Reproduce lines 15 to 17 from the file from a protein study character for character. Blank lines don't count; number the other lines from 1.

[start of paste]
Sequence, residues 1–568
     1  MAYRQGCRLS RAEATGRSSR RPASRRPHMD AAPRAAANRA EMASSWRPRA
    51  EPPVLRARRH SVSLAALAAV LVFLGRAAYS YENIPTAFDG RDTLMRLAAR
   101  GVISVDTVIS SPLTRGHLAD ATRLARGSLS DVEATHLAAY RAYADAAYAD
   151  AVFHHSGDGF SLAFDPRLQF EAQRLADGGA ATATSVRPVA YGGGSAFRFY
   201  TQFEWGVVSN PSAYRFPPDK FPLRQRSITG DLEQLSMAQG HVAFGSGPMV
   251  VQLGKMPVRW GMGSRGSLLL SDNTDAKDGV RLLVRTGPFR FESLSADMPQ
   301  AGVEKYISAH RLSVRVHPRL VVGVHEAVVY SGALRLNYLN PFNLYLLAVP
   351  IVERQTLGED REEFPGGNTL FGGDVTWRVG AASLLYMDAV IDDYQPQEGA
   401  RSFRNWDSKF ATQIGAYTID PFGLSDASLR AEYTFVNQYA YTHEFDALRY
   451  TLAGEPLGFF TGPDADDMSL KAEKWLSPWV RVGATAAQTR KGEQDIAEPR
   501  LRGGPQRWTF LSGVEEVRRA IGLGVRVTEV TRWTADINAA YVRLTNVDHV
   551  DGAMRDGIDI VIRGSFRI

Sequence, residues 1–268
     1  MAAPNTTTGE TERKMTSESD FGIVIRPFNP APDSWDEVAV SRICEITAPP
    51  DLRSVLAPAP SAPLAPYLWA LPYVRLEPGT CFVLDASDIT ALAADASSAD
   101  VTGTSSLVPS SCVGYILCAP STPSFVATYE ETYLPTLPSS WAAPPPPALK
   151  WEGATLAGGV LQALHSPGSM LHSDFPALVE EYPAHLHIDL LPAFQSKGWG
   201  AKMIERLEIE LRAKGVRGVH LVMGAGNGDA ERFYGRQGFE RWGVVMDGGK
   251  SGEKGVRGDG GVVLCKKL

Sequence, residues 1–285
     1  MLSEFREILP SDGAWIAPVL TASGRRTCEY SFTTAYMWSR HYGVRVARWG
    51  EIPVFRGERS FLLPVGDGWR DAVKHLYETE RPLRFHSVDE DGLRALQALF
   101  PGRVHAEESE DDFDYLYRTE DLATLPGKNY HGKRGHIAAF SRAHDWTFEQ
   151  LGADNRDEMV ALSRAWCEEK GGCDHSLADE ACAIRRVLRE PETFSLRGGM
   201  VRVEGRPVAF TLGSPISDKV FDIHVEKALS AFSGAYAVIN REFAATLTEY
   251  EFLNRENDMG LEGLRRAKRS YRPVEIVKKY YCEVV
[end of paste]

     1  MAAPNTTTGE TERKMTSESD FGIVIRPFNP APDSWDEVAV SRICEITAPP
    51  DLRSVLAPAP SAPLAPYLWA LPYVRLEPGT CFVLDASDIT ALAADASSAD
   101  VTGTSSLVPS SCVGYILCAP STPSFVATYE ETYLPTLPSS WAAPPPPALK